Scientists Seek Clarity Around Pesticide-Related Bee Deaths

Evidence is being used selectively by parties with divergent agendas, scientists say
By Kaven Baker-Voakes
Kaven Baker-Voakes
Kaven Baker-Voakes
May 28, 2014 Updated: May 28, 2014

A group of nine Canadian and European scientists is calling for a discussion in the science community about the potential impact of neonicotinoid insecticides on bees.

With evidence that in Europe and North America many species of pollinators are in serious decline, the scientists are hoping to better inform and clarify the science for what they say is one of the most controversial topics in science and policy. 

“There has been a lot of public debate and concern about the scientific evidence being used selectively by parties with very different agendas. We have seen strongly polarized opinions with the same study being used to back up different points of view,” said Nigel Raine, Rebanks Family Chair in Pollinator Conservation at the University of Guelph and co-author of an article on the issue.

In the article, published in the Proceedings of the Royal Society B, the scientists appeal for a return to science-based evidence. They say that while there is a long list of potential causes for the decline in pollinators, there is concern that neonicotinoids are in part responsible, particularly through their use as seed treatments.

“The key idea was to get together a group of scientists directly involved with neonicotinoid pesticide research, or with relevant policy experience, to assess objectively the evidence coming out of the science base on what we know about the effects these pesticides have on bees and other pollinators and the limits of our knowledge,” said Raine.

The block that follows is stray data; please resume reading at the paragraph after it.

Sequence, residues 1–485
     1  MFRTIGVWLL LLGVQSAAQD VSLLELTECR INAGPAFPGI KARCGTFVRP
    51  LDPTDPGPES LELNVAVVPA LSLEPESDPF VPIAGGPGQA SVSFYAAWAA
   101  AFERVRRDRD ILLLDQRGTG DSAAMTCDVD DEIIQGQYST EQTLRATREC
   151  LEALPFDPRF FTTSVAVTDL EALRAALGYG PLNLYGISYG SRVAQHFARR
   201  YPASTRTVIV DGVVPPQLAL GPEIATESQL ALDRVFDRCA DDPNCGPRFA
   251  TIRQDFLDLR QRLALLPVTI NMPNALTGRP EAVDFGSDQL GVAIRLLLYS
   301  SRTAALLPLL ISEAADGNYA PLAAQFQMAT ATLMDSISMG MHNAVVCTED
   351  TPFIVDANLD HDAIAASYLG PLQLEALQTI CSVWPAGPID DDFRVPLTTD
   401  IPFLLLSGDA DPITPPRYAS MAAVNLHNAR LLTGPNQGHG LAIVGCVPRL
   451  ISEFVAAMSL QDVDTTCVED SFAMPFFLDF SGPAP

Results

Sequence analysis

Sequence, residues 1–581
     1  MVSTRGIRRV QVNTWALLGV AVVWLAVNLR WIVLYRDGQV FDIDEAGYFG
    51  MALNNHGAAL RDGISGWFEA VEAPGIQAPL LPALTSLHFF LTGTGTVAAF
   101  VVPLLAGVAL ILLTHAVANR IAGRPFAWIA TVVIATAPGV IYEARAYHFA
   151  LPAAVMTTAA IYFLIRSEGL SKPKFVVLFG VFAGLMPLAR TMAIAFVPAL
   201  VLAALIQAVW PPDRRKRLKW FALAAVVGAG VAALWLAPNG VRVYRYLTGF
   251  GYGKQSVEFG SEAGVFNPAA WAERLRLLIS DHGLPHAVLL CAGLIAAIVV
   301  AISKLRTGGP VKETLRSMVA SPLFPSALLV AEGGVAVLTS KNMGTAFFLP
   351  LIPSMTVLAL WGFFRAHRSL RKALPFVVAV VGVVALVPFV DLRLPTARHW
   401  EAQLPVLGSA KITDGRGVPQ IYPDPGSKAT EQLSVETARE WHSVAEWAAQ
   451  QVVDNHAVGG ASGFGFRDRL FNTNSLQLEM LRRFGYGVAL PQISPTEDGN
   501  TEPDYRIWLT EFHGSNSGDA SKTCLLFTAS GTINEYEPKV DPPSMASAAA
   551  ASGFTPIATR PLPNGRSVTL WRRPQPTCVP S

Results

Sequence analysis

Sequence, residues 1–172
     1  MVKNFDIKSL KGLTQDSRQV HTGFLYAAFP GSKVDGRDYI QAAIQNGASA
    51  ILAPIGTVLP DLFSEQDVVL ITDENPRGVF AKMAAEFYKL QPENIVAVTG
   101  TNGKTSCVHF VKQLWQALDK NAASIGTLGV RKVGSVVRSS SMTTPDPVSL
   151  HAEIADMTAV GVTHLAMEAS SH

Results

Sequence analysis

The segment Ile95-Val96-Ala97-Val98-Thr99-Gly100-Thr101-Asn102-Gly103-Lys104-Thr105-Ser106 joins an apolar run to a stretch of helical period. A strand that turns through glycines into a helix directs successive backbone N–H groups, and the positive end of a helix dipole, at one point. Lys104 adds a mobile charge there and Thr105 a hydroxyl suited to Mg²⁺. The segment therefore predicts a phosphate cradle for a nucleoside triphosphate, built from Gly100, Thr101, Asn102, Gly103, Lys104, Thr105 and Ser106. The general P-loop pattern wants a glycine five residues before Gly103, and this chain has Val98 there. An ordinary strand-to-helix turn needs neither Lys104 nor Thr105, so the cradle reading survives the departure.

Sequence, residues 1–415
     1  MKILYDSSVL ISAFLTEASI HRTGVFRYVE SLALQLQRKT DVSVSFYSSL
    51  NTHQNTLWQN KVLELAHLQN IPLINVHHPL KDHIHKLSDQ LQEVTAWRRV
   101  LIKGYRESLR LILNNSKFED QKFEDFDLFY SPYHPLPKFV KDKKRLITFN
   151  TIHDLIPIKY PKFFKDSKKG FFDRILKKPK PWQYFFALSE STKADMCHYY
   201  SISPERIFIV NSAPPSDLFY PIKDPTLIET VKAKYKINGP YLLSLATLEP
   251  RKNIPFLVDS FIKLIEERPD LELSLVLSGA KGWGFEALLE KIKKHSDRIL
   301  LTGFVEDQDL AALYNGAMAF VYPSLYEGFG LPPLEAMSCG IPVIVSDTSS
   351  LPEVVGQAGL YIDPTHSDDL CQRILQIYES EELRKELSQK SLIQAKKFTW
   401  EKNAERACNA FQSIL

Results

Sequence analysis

Instead of taking sides in the debate, the scientists are calling for more research into the impacts of the pesticides, noting the importance of seeking input from farmers, beekeepers, and the public at large. 

“It is not just a bee conservation question—it is about maintaining the critical ecosystem service of pollination,” said Raine. 

“It is also a question about sustainable food production and economics. What is an acceptable level of risk? That is really a governmental decision and to make an informed decision they need to have input from all of the relevant stakeholders.”

Similar comments have been made by some researchers during the Senate Committee on Agriculture and Forestry’s investigation into bees and bee health, who have called for conferences to enable researchers to better understand science gaps. 

Senators heard testimony that a variety of factors may be causing the decline in pollinators, ranging from the varroa mite, pesticide residues, environmental changes, and neonicotinoids, a relatively new class of pesticides. 

In recent testimony, Prof. Dennis vanEgelsdorp, an entomologist at the University of Maryland, noted the current questions and potential answers around the decline of bees are different than in the past. 

“We often think about 10 to 20 years ago when beekeepers had huge losses because of pesticides. The difference was they found piles of dead bees in front of their hives so they knew it was the pesticide. Now we have to figure out if it’s true that neonicotinoids are playing a role in colony levels as the mortality is happening many months later. It seems to be confused because there are other contributing factors, unless it’s that dust cloud we talked about,” vanEgelsdorp told the committee. 

VanEgelsdorp was referring to dust emitted from seed planters, which can contain high concentrations of neonicotinoids. According to the scientists’ article, this dust gets deposited on the surrounding soil and can drift to contaminate nearby flowering crops and natural vegetation as well as surface waters. 

“Sporadic incidents of mass honeybee mortality in several EU countries, the USA, and Canada have been caused by dust from seed drilling machines (seed planters),” the article states.

Kaven Baker-Voakes is a freelance reporter based in Ottawa.